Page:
Since then, the entire official Korean site has been taken over with a huge “REBUILD” banner and Neowiz has published a fresh dev blog outlining the project’s seven main goals and homing in on the first: character growth. Google Translate isn’t exactly trustworthy here, but the gist seems to be that the studio finds the leveling up process both opaque in terms of power and limited in that gear capped progress. Under Rebuild, items themselves will pick up durability and reinforcements, what sounds like an evolution system for weapons, plus a disassembly system for junk.
Check out the whole thing on the official site — just bring your Korean dictionaries!
Back in June, Neowiz and Aeria Games/Gamigo confirmed that they’d mutually ended their partnership to make Aeria the western Bless Online publisher. While initially the studios stated the MMO had been canceled for our region and wasn’t coming westward at all thanks to “quality standards” and “technical difficulties [that] cannot be overcome,” Neowiz quickly moved to suggest that it would be publishing the game here in the west on its own, presumably with the combat system do-over Aeria had begun and Neowiz said it was continuing.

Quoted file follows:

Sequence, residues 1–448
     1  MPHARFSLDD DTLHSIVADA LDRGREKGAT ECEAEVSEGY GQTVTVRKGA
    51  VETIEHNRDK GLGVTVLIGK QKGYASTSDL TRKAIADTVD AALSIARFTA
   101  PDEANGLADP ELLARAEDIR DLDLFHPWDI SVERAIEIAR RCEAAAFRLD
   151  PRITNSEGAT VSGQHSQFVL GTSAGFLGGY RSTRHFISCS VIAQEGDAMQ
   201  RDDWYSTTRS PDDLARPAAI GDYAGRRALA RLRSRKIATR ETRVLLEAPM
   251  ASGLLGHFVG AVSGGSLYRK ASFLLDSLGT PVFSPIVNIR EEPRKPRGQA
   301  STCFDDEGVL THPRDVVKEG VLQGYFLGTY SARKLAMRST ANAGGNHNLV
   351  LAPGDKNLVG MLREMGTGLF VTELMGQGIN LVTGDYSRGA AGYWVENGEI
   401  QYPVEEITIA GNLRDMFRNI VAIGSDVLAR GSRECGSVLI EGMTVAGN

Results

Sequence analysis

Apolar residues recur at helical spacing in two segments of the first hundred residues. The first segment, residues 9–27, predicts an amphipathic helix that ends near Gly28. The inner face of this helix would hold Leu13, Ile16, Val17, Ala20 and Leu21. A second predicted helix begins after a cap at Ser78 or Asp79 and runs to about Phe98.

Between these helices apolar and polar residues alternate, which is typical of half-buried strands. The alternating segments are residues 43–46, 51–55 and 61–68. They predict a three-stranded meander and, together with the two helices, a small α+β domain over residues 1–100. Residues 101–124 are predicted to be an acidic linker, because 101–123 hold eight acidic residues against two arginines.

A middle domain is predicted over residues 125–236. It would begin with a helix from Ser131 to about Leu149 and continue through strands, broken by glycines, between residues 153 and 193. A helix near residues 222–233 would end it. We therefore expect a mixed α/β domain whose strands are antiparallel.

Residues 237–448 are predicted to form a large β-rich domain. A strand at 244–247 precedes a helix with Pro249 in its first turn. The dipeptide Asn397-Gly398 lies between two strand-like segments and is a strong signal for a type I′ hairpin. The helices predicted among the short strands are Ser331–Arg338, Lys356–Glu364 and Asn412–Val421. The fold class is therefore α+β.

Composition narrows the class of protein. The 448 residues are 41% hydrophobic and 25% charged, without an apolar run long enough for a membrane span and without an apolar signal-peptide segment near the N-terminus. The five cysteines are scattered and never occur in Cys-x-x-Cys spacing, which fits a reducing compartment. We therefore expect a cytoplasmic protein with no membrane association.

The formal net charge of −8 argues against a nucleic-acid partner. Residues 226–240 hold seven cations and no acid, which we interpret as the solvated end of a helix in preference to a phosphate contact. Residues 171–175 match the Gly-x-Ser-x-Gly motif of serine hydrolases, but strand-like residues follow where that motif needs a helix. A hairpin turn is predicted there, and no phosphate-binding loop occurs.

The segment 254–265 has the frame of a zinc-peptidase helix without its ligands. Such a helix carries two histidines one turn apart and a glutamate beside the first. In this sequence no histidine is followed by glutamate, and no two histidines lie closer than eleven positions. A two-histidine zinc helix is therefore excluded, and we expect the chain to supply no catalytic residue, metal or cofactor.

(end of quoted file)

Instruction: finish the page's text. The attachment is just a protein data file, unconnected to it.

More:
Now we have a better idea of just what that means.
Yesterday Neowiz announced what it’s calling the “Rebuild Project” for the whole game, which will allow the studio to “abandon the current structure and make it from scratch,” gutting some of the game’s underlying systems and content and adding new. Specifically, Neowiz says it’s making gear feel more important to character progression, revamping combat, retooling class skills and unique feel, creating variety and fun for mounts and pet content, adjusting crafting to not be “useless,” and improving the UI experience. New PvP content (a capture-the-flag map?) is also under development for August; the screenshots in this post show the new area.